• Re: What do you know about tapes...?

    From KP KP@21:1/5 to Carl S. Gutekunst on Sun Aug 14 12:52:38 2022
    On Friday, August 5, 1988 at 12:29:19 AM UTC-7, Carl S. Gutekunst wrote:
    In article <2...@execu.UUCP> de...@execu.UUCP (Dewey Henize) writes:
    The question is, though, are we going to run into this same level of [tape] >incompatability with various *nix machines?
    Generally, one of the beauties of Unix tape handling is its incredible sim- plicity. And, the biggest headache is its incredible simplicity....
    A Unix raw tape device is very much a "you asked for it, you got it" device. You can write anything you want, byte-for-byte, in any size block, up to the limit of the buffers on the tape controller. Inter-record gaps get written after each write(2) call, and an EOF mark gets writen when the file is closed (if you had it open for write). You just can't get simpler than this.
    The other edge of the sword is that if you want to do anything "standard," like an ANSI format tape or plain ol' 80-block-40, you have to write an application to do it for you. The operating system won't help. The Unix dd(1) utility is supposed to assist in this sort of thing, although I've found that for any given new tape format, I have to write a C program to manipulate it. Someday someone write a really good tape handler for UNIX, and get rich.... Differences are found in the controller's buffer size, which determines the maximum record size. You need at least 10K for the tar(1) utility to work, and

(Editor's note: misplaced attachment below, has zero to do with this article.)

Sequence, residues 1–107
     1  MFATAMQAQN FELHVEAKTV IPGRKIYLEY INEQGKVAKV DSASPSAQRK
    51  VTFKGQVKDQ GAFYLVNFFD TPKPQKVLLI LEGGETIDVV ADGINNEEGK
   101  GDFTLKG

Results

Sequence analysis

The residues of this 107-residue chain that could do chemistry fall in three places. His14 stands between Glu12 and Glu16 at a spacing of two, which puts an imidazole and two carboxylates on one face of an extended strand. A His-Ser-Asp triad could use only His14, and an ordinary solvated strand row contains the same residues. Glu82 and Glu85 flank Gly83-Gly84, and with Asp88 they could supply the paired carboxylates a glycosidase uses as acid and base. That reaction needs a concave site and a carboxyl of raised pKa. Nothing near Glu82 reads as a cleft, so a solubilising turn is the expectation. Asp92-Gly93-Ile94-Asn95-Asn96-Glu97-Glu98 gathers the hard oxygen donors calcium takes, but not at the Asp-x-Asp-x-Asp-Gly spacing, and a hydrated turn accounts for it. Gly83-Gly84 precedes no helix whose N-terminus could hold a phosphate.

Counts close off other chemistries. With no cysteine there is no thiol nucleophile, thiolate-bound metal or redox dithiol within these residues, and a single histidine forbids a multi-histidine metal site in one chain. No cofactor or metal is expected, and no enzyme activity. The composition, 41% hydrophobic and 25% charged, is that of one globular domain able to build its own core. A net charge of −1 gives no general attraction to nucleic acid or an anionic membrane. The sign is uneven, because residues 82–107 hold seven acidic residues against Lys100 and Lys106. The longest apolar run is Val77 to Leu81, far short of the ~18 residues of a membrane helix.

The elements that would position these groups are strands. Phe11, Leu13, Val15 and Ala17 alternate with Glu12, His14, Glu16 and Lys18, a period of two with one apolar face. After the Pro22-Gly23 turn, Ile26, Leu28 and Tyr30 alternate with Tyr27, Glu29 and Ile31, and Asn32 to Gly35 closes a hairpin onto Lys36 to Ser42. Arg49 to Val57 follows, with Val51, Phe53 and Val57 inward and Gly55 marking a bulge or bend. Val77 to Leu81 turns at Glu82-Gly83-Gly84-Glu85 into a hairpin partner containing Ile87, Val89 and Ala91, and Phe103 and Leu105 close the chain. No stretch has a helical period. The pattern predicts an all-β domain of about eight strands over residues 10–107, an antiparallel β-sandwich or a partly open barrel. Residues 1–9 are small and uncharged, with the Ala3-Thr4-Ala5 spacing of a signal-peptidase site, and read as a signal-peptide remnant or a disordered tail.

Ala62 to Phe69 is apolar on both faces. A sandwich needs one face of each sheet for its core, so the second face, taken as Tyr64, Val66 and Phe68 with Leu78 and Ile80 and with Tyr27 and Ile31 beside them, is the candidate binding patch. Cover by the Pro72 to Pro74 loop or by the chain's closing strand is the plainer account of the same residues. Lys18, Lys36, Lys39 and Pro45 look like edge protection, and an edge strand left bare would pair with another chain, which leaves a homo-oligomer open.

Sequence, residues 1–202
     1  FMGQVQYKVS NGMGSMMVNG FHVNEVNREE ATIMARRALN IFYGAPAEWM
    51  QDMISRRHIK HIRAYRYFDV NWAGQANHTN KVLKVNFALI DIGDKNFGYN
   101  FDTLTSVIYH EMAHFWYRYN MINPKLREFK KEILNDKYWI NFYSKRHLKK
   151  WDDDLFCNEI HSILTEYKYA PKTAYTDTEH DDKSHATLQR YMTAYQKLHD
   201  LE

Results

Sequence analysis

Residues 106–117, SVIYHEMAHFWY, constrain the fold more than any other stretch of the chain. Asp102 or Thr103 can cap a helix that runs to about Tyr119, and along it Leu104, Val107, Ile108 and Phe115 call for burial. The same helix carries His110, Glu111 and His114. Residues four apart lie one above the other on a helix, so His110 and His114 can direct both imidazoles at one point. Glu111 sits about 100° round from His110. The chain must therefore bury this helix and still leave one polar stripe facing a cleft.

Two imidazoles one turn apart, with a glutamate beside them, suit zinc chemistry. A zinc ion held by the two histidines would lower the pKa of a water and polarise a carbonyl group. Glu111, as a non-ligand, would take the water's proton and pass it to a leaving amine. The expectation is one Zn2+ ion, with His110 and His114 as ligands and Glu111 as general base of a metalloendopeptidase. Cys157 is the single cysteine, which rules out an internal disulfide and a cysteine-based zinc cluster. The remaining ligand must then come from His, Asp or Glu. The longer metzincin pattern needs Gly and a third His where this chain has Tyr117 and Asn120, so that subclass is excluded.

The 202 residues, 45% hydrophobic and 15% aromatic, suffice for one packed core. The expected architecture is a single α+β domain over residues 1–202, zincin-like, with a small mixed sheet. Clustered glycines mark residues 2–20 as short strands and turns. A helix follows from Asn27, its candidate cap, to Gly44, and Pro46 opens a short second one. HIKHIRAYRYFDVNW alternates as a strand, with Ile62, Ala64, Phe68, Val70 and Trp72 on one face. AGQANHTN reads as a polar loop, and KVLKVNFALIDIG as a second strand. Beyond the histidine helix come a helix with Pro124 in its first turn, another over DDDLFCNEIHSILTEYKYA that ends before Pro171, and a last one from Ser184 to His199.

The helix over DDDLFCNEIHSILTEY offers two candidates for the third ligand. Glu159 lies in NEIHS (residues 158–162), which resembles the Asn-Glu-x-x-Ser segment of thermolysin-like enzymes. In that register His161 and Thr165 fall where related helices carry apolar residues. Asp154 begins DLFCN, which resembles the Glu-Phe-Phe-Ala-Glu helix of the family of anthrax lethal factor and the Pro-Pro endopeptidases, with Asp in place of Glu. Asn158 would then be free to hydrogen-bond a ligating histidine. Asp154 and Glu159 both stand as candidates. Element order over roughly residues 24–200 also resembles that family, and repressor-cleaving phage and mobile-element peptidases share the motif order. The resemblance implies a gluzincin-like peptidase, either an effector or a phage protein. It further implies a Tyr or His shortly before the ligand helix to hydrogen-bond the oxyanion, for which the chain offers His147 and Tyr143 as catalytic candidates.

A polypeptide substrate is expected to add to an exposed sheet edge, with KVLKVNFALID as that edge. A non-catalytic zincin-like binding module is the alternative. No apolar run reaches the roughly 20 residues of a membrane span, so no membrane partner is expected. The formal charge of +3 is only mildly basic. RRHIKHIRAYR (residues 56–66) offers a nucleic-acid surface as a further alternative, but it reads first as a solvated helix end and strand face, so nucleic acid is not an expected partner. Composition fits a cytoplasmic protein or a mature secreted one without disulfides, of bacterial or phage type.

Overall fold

the smallest I've seen on any Unix system is 20K. Pyramids allow up to 30K with the old IOC tape controller, and 64K with the TPE. Suns write up to 61K blocks on their Archive 1/4" tape; I dunno about their 1/2" 9-track interface.
    The other difference is how the physical end-of-tape is handled. Most UNIX systems botch this horribly, something like writing a record across the gap (good) but not allowing you to read it (bad). If this is important, ask your salescritter. (I am told Pyramid does this "right," meaning the same as most commercial DP machines, but I don't recall what "right" is. I do know that multi-volume cpio works flawlessly, which is not true on many other Unix boxes
    I have used.)
    Tape was a good back up medium. Now it's cloud.

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